... in war

The future of copyright will most likely not be determined by a cost benefit analysis

29 Jul 2012 | 238 words | copyright economics economy future review war books

So i finally managed to start reading the ‘Future of Copyright‘ anthology that contains the winning essays from a contest organised by the Modern Poland Foundation. So far (i have not read them all) my favourite essay is ‘Give‘ by Togi, which i read as powerful argument that systemic change (and not just reform) is not only much needed but also possible. While his overall line of argument is pretty convincing (to me), i have a bit of trouble following one of his (her?) central arguments (Mike Linksvayer makes a very similar point in his review of the anthology):

At the point where government profit from copyright/IP is negated by the cost of its enforcement (both in monetary terms and in terms of public goodwill), free culture will be permitted.

While this would be the logical thing for governments to do, there is ample evidence that governments don’t work like this. This seems to be especially true in conflicts that are rhetorically packaged as ‘wars’. The ‘war on drugs’ is the best example of this (if this does not make sense to you listen to the last point bought forward in this episode of the planet money podcast), but it is also true for the ‘war on terror’. Given this i think it is rather naive to expect (as Togi does) governments to succumb to rational economic thinking when it comes to the war on piracy sharing.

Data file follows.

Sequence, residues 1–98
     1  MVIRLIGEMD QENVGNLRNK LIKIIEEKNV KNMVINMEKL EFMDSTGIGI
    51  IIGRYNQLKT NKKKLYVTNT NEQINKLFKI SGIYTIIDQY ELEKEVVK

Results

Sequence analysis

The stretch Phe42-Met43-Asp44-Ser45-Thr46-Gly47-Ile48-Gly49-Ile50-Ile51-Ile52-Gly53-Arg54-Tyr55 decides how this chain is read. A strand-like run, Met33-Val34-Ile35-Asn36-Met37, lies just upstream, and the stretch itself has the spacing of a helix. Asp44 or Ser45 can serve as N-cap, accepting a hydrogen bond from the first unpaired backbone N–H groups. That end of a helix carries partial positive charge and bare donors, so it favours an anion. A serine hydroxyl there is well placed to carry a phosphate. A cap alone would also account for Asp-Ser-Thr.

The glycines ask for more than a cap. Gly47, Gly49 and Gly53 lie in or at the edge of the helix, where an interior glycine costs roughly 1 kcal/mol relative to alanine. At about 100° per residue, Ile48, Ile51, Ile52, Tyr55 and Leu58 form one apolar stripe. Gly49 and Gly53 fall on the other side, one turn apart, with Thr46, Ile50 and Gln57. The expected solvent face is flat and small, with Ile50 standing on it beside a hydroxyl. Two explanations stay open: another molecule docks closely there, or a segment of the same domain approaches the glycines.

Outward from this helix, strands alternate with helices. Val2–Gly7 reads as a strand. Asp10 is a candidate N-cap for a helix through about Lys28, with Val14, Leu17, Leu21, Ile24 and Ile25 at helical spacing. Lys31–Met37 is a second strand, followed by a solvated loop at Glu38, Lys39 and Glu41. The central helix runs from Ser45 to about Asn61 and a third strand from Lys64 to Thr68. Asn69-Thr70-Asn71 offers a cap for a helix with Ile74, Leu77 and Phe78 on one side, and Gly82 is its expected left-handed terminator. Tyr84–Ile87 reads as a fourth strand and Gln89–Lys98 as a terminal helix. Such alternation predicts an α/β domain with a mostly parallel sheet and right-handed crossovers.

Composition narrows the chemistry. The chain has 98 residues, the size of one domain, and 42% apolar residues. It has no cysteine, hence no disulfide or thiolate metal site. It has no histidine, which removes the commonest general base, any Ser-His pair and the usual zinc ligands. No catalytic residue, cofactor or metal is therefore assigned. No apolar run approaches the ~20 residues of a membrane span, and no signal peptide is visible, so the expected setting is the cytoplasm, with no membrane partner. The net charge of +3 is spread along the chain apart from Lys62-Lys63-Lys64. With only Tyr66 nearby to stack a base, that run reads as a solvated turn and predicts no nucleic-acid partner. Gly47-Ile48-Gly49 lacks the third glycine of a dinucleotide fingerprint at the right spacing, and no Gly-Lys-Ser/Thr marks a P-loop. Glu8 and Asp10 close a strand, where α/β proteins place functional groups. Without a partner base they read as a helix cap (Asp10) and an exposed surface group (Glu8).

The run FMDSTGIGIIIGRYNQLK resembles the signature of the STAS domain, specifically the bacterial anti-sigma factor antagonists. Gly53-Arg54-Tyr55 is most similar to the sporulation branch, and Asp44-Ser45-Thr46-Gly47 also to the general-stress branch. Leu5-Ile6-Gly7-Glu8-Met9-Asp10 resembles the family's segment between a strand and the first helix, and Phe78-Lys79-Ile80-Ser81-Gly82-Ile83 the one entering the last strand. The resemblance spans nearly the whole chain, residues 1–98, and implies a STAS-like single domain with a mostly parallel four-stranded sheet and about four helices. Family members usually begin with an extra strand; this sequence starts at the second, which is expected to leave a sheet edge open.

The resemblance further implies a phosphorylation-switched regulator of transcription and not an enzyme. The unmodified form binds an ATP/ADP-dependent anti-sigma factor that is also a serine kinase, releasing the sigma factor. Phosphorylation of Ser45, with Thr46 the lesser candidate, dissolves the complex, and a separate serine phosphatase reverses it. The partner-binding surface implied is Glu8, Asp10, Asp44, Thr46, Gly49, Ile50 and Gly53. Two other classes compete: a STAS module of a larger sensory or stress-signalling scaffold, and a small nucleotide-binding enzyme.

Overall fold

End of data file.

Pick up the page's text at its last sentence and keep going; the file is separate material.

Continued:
The latest skill required in the war on terror? direct messaging

14 Apr 2011 | 361 words | afghanistan drones war

The Los Angeles times has a terrifyingfascinating reconstruction of a US airstrike that killed 23 (or 16 if you believe the US military) afghan civilians on 21 february 2010. The reconstruction focusses on the role played by the pilot and camera operator of a predator drone that observed three ‘suspicious’ vehicles whose passengers had the misfortune crossing paths with a team of US special operators early on February the 21st.

MQ-9 Reaper in flight

The article documents how the drone operators (in Nevada), the the commander of the Special operations team (on the ground in Afghanistan) and a team of video screeners (in Florida) interacted in falsely determining that the Afghanis were armed insurgents (in reality they were unarmed villagers). One of the most intresting aspects of the article is the insight it provides into the communication patterns between the different actors involved on the US side: